Formulating such questions is one thing. Answering them is another. To at least set out to try to discover an answer, we must, naturally, look at the origins and early history of trade unions. Just as Weber, for example, studied in great detail, the life of the early Calvinist communities in Holland and New England, in order to trace out the connecting links between religious belief and economic success, so should we, I think, go back to the latter part of the last century and look again, very carefully, at the origins and growth of trade union ideology, in order to understand the connections between trade unionism and economic decline.

Now I cannot pretend to be an expert on the history of trade unionism, but I was, not so long ago, moved by the repeated use of the word 'charisma,' (with respect to our Prime Minister) to read Max Weber's seminal essay on charismatic leadership. I could not help but be forcibly struck when reading this essay, that Weber knew all about, for example, Norm Gallagher.

Let me quote some striking sentences from this great essay.

    'The domination exercised even by a gifted pirate may be charismatic, and charismatic political heroes seek booty, above all in the form of money. But the important point is that charisma rejects as dishonourable all rational planning in the acquisition of material goods, as in the case of the charismatic war hero'.
    'The charismatic hero does not derive his authority from ordinances and statutes, rather he acquires it and retains it only by proving his powers in real life. He must perform miracles if he wants to be a prophet, acts of heroism if he wants to be a leader in war. Above all, however, its divine mission must 'prove' itself in that those who entrust themselves to him must prosper'.

However, if charismatic leaders succeed in establishing institutions which live after them, those institutions must make an accommodation with economic constraints, or collapse through bankruptcy or through loss of credibility.

Weber described this process with these words:

    'All charisma, however, in every hour of its existence finds itself on this road, from a passionate life in which there is no place for economic matters, to slow suffocation under the weight of material interests, and with every hour of its existence it moves further along it. '

I think there is little doubt that trade unions were founded by charismatic leaders in the latter half of the nineteenth century. This was a time when unprecedented prosperity promoted literacy as well as newspapers and pamphlets of all kinds; publications which were read by the rapidly growing populations of Western Europe, North America, and Australasia.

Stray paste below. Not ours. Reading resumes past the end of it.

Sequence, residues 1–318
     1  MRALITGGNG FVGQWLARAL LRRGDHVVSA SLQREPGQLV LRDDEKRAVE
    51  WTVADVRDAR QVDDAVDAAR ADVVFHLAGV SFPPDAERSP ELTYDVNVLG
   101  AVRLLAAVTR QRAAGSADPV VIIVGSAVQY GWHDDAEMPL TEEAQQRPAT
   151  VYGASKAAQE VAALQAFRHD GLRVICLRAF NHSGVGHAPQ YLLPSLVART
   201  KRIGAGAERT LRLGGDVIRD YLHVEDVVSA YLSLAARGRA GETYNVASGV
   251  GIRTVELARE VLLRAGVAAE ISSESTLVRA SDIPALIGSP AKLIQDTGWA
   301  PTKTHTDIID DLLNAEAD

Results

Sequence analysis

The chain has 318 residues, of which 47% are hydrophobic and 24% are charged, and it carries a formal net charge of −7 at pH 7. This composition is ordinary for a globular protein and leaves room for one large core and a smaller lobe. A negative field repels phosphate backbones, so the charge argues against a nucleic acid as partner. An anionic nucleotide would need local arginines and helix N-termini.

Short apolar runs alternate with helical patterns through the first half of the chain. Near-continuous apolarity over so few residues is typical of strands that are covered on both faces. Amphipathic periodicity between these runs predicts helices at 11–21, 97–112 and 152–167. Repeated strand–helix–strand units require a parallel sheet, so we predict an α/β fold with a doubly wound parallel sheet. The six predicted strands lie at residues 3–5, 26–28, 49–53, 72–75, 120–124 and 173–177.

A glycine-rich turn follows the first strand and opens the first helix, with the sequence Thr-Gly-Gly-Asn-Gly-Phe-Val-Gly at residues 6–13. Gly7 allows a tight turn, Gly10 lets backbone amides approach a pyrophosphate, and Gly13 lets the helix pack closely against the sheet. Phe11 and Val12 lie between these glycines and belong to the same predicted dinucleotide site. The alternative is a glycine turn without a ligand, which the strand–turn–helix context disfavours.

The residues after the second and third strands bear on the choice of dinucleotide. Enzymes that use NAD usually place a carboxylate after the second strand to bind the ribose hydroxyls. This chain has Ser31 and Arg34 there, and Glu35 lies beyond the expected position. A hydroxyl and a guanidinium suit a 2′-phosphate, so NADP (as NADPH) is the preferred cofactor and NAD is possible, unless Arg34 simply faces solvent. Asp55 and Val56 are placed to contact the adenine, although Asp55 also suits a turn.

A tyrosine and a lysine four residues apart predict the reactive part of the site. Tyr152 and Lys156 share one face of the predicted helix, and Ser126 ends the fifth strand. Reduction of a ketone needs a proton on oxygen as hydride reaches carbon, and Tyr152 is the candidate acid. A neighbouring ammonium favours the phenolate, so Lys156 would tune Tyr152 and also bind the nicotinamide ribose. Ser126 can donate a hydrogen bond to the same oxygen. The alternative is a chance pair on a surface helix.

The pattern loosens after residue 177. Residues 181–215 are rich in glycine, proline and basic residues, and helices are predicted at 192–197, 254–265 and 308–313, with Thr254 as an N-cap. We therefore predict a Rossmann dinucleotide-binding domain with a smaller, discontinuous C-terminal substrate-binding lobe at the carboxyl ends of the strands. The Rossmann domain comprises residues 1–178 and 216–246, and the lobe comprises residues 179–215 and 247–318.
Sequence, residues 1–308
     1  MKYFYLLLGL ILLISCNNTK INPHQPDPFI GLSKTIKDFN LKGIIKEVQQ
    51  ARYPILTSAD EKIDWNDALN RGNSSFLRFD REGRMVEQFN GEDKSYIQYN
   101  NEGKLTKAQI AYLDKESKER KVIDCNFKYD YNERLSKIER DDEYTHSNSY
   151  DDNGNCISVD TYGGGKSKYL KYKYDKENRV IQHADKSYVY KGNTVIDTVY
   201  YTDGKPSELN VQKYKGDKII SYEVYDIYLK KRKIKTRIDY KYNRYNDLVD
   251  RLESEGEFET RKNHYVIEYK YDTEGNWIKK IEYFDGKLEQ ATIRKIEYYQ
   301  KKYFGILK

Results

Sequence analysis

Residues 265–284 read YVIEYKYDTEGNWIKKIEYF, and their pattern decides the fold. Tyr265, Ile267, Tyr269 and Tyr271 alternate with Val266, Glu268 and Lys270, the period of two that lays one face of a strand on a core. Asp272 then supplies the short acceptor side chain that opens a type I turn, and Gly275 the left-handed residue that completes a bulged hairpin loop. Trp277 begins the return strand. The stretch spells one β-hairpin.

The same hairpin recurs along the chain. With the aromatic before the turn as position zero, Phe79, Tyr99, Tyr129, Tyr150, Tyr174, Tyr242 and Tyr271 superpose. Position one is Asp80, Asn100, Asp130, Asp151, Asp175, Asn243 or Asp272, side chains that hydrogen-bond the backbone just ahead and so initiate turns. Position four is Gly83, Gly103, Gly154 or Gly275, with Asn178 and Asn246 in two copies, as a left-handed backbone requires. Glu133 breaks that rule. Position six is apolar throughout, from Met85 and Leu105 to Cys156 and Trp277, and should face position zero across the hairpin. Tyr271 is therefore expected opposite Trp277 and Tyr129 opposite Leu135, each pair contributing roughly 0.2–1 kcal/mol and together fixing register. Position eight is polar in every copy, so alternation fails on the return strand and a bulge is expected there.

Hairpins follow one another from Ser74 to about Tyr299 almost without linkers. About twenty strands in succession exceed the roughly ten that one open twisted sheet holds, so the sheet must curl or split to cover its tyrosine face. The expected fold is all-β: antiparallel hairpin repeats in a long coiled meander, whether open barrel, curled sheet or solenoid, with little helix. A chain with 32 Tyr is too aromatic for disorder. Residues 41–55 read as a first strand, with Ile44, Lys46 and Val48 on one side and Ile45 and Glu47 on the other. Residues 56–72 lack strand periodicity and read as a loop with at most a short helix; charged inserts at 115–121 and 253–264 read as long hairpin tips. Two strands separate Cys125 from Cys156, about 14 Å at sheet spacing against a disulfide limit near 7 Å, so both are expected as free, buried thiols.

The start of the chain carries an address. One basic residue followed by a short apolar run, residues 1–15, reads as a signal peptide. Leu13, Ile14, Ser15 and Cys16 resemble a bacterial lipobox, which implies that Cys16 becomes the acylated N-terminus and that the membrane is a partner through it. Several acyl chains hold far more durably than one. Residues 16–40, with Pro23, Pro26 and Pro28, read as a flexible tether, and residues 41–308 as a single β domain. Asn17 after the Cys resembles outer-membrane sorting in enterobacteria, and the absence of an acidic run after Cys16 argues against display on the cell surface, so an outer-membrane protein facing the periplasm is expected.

Trade unions were a product of the nineteenth century growth and prosperity which provided extraordinary opportunities for charismatic leaders to establish themselves.

Trade unions in their early days were not only involved, as Weber put it, 'in a passionate life in which there is no place for economic matters'. They were deeply involved in what we would call insurance or friendly society activities---sickness benefits, funeral benefits for example, but, as William Lane exemplified when he set off with a loyal band of disciples to build the New Jerusalem, or as he called it, New Australia, in Paraguay, the charismatic element was predominant.

Now it seems to me the charismatic origins of trade unionism are of fundamental importance to our understanding of the situation. Established institutions, such as church and state, have to face the recurring problem of how to handle outbreaks of charismatic activity. The standard response of the Roman Catholic Church, for example, has been to establish the charismatic leader as head of a new missionary order and send him to far off countries to spread the gospel. The further off the better.

In Britain, contrariwise, the extraordinary response of the Parliament to trade union organisation and agitation, was to grant the new charismatic movement immunity from the law. In I906 the Campbell Bannerman Government passed the Trade Disputes Act which gave the Trade Unions immunity from tort.

F. E. Smith, later Lord Birkenhead, during the debate on this Bill, said, in what was his second speech in the House of Commons:

    'We are asked to permit a hundred men to go round to the house of a man who wishes to exercise the common law right of this country to sell his labour where he chooses, and to 'advise' him or 'peacefully persuade' him not to work. If peaceful persuasion is the real object, why are a hundred men required to do it ...
    Every honest man knows why trade unions insist on the right to a strong numerical picket, It is because they rely for their objects neither on peacefulness nor persuasion. Those whom they picket cannot be peacefully persuaded. They understand with great precision their own objects, and their own interests, and they are not in the least likely to be persuaded by the representatives of trade unions, with different objects and different interests. But, though arguments may never persuade them, numbers may easily intimidate them. And it is just because argument has failed, and intimidation has succeeded, that the Labour Party insists upon its right to a picket unlimited in respect of numbers'.